Man runs 180 miles in a week to fight childhood cancer - CBS News 8 - San Diego, CA News Station - KFMB Channel 8

Man runs 180 miles in a week to fight childhood cancer

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SAN DIEGO (CBS 8) - Running 175 miles in seven days sounds like a brutal challenge, but it's nothing compared to a child's fight against cancer. Richard Nares lost his son to cancer almost 10 years ago. It's for little Emilio and the children and families battling cancer now that he's making an incredible run.

Richard is on day six of his seven day journey from Los Angeles to San Diego, running for a special child each day.

He's joined by other runners for stretches, including myself for 12 miles on Friday. It's all an effort to raise money and awareness in the fight against childhood cancer.

We had a chance to talk to Richard last week, before he started his run, which ends Saturday at Rady Children's hospital where many young cancer patients are treated. That's where Richard and his wife Diane's son Emilio was treated for leukemia before dying in 2001 just before he turned six.

"Like most parents he became the center of our universe. So when he left us he left a huge hole," said Richard.

But rather than let that hole grow with despair, they decided to fill it with hope, providing support for disadvantaged families battling childhood cancer.

"Generally, they are low income families. What happens is when the child is diagnosed with cancer, one parent has to stay with the child, the other goes to work and with that the car goes and the child is left without transportation to the hospital," explained Richard.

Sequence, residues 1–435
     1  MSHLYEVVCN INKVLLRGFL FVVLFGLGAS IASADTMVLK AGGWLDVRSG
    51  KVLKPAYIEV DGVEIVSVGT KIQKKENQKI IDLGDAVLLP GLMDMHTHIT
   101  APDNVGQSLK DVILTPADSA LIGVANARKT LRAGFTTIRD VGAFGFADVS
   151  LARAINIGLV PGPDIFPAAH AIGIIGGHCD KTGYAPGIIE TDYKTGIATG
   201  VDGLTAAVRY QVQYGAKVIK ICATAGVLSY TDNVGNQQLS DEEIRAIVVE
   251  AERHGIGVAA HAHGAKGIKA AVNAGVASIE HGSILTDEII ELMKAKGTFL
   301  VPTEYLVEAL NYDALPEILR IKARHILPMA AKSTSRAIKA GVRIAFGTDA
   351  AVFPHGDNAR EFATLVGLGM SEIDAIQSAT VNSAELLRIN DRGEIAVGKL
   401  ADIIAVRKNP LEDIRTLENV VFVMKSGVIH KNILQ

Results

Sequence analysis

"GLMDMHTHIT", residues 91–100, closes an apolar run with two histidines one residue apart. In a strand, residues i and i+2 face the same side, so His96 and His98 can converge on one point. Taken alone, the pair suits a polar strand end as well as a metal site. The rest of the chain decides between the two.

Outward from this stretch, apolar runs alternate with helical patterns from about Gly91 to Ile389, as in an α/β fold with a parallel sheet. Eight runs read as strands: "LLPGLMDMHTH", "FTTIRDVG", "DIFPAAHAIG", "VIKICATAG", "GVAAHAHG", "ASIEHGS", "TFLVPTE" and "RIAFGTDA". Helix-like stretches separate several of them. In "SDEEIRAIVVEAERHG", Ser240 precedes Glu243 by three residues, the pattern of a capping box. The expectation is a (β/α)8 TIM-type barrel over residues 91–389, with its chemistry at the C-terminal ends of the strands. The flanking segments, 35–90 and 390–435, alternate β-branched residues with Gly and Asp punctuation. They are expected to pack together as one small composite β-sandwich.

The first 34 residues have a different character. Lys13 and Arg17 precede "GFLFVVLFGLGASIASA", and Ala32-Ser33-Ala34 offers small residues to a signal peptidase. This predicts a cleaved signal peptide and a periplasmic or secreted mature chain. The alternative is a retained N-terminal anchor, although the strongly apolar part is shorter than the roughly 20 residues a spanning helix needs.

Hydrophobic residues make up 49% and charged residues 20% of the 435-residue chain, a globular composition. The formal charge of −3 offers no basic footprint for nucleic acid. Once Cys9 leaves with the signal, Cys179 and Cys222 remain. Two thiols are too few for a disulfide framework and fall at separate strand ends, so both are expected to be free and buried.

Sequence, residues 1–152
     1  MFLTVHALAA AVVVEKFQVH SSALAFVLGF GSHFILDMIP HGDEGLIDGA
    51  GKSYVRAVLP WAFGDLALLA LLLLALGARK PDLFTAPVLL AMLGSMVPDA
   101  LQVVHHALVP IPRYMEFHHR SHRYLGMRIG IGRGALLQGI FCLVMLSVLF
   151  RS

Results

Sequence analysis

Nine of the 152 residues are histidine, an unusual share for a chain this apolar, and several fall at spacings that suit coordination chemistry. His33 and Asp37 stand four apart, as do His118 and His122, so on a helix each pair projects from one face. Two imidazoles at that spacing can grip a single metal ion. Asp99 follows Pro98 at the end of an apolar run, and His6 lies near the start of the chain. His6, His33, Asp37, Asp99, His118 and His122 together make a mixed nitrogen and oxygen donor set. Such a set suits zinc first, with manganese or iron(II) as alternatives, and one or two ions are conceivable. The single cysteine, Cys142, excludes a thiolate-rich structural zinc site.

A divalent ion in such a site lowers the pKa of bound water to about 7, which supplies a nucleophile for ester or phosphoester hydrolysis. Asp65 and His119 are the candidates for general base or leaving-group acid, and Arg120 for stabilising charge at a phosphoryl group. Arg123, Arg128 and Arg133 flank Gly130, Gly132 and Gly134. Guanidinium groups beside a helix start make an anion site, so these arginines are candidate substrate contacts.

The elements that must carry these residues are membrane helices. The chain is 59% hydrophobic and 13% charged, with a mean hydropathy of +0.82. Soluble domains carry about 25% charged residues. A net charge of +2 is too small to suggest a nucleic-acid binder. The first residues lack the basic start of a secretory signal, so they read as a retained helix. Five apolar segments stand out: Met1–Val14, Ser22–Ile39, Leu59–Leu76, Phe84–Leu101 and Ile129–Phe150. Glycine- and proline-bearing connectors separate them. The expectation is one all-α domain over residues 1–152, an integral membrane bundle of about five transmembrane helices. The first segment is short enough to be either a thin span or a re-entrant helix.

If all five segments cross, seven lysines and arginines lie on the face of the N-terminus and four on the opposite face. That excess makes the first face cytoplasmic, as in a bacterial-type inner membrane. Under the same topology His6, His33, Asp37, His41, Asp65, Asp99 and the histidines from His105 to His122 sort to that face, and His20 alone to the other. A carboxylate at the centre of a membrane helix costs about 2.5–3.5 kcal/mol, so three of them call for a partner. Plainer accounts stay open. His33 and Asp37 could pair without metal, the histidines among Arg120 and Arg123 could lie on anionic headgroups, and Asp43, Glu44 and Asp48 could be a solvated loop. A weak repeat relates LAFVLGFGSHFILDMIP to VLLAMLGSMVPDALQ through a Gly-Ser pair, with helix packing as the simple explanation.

The Emilio Nares Foundation's mission started with just helping kids and their parents to and from the hospital. It's grown to an organization that helps with transportation and other support services operating out of an office in Rady Children's Hospital.

And it's to raise money for the foundation, to help others in need, in Emilio's honor that drives this 58-year-old runner - a man who never ran a marathon before he turned 50 - turning to it even then as a fundraiser.

"My little discomfort for seven or so days is nothing to what these children go through," added Richard.

And he also knows that with each step he honors his lost son and keeps his memory alive.

Richard finishes his run at the main entrance of Rady Children's Hospital at about noon Saturday, September 17 and is looking for a big crowd.

He's running for hope, but also to raise about $100,000 for the Emilio Nares Foundation.

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